Unions are urging people to put colourful posters in their windows in support of a campaign for a proper pay rise for NHS workers.
Fourteen unions, representing more than one million workers, called on households across the UK to show their appreciation for NHS workers with bright displays on April 1, the day staff are due to have a wage rise.
The increase has been delayed and the Government has sparked anger by recommending a 1% rise in England, compared to 4% in Scotland.
Unions say the delay means health workers, including cleaners, porters, physiotherapists, 999 call handlers, nurses, midwives and healthcare assistants, must now wait until later in the year for the wage rise they are due.
Unison general secretary Christina McAnea said: “Everyone can join the NHS ‘thank you’ with an eye-catching window show.
“The brighter the better to bring cheer to everyone’s street and to those giving their all on the front line.
“The public have shown they genuinely value health workers, but ministers have put on a false front with praise one minute and a meagre 1% the next.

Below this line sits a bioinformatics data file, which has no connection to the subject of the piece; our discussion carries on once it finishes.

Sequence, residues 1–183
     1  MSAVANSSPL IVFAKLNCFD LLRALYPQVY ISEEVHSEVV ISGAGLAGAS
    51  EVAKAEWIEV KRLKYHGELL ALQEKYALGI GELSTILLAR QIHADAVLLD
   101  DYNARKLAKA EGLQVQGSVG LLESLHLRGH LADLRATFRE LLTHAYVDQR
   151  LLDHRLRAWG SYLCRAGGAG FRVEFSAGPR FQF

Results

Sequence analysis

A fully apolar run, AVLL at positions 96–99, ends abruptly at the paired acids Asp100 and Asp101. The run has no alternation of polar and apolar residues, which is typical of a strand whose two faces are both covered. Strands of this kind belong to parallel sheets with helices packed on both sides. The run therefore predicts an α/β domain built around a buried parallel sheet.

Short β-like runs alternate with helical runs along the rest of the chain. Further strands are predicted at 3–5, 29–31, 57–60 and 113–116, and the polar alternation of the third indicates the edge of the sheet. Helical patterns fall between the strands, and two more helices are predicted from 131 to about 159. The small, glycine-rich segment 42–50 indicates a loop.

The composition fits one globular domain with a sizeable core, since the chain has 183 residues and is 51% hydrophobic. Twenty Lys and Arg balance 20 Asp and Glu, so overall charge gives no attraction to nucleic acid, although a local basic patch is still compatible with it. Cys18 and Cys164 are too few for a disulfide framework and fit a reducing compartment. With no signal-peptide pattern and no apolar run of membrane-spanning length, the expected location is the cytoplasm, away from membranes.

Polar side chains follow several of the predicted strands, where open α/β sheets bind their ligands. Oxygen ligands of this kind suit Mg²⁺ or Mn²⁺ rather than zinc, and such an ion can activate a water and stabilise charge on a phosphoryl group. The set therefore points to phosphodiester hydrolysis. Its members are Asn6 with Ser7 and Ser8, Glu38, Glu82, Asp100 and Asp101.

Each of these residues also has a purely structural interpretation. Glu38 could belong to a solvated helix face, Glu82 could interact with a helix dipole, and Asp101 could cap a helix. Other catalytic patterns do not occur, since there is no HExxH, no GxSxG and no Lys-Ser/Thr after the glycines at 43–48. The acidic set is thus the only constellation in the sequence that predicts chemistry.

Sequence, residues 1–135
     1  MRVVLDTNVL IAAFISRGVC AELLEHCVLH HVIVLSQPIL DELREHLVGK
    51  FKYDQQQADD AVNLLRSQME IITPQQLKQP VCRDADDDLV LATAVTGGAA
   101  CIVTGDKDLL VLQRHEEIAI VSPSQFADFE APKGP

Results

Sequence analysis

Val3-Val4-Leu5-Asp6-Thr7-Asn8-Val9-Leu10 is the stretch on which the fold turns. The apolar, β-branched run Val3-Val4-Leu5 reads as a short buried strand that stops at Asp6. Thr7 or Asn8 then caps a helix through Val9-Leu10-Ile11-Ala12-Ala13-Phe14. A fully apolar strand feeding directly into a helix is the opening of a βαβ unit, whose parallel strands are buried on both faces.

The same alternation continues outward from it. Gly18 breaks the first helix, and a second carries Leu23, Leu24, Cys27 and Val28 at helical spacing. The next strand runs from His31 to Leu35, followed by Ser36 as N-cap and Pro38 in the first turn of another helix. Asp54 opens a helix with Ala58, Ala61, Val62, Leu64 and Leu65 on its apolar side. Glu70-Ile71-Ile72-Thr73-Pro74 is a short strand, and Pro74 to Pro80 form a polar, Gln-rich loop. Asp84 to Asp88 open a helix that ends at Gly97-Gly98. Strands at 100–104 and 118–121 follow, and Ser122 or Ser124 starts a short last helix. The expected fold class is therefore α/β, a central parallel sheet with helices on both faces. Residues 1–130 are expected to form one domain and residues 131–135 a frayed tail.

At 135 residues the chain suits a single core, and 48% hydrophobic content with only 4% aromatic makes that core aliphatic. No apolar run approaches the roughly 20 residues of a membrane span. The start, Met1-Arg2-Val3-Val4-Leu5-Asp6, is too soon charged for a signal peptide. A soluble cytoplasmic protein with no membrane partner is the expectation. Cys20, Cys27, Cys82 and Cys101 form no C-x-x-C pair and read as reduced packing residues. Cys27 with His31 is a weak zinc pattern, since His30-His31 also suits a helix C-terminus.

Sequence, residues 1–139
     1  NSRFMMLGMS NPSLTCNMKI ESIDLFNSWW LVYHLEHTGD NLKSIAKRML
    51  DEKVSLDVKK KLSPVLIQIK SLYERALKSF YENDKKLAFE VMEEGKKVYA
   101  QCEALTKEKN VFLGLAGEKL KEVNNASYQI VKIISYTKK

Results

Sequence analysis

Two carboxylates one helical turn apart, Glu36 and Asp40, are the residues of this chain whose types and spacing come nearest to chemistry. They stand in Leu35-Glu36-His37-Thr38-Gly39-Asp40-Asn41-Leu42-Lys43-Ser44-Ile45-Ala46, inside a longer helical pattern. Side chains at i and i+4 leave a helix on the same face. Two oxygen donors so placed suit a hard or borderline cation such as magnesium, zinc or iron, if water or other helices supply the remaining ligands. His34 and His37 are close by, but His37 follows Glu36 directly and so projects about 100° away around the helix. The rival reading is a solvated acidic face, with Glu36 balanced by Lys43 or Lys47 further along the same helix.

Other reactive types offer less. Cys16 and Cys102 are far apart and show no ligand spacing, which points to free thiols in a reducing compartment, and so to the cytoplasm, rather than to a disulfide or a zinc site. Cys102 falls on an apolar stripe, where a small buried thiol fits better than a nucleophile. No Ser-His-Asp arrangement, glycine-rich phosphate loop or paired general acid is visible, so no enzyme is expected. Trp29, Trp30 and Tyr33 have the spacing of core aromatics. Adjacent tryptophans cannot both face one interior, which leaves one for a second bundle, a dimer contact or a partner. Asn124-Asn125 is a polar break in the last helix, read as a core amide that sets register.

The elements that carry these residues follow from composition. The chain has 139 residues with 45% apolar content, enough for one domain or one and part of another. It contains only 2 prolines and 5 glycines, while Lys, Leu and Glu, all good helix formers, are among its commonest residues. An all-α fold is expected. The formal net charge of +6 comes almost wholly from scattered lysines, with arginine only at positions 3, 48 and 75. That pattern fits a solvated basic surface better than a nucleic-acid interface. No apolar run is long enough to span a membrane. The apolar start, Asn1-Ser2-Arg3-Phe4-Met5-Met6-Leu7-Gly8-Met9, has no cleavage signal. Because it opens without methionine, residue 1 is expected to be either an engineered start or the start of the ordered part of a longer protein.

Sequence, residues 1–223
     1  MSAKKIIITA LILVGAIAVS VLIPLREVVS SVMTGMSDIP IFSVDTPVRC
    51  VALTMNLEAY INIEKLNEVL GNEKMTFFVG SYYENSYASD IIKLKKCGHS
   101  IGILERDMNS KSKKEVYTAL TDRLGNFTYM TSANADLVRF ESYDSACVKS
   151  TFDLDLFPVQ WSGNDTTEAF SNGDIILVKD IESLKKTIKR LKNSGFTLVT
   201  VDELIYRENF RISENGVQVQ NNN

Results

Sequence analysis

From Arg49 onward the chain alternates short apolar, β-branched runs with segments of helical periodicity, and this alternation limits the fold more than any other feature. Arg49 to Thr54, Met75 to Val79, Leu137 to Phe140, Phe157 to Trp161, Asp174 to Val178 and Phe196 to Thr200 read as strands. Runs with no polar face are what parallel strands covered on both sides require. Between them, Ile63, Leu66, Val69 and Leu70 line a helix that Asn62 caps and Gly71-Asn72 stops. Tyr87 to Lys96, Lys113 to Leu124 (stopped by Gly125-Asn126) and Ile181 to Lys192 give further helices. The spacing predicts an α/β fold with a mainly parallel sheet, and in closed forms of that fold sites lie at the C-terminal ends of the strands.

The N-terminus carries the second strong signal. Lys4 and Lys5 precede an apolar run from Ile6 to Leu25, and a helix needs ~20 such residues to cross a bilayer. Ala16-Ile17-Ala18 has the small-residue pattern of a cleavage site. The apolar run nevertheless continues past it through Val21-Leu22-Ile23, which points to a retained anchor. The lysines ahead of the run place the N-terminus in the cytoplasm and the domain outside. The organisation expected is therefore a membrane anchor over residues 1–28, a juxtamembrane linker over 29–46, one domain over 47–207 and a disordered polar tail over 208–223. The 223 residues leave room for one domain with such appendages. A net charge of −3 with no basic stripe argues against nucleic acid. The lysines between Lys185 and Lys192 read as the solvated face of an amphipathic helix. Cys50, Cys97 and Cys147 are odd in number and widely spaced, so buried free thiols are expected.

“Ministers must display more imagination and heart.
“The Scottish government has already shown if the will is there, the money can be found.”
“Now we’re urging them to put posters up again, this time to help ensure those staff are rewarded properly for their skill, dedication and professionalism.
“Nursing staff are disgusted with the Government’s 1% pay proposal.
“The public is with us.
“The Government needs to listen.”
Royal College of Midwives general secretary Gill Walton said: “We’re a week away from April 1, when NHS staff should have received a pay rise, but we’re still fighting for what the Government should have already given – a significant pay rise.
“The public are with NHS staff and their continued support is much appreciated.
“NHS staff have battled the pandemic in unbelievably tough conditions.
“They just want a decent pay rise.
“Scotland has proved a significant, backdated offer is affordable.
“All the UK’s NHS workers deserve a proper wage increase.”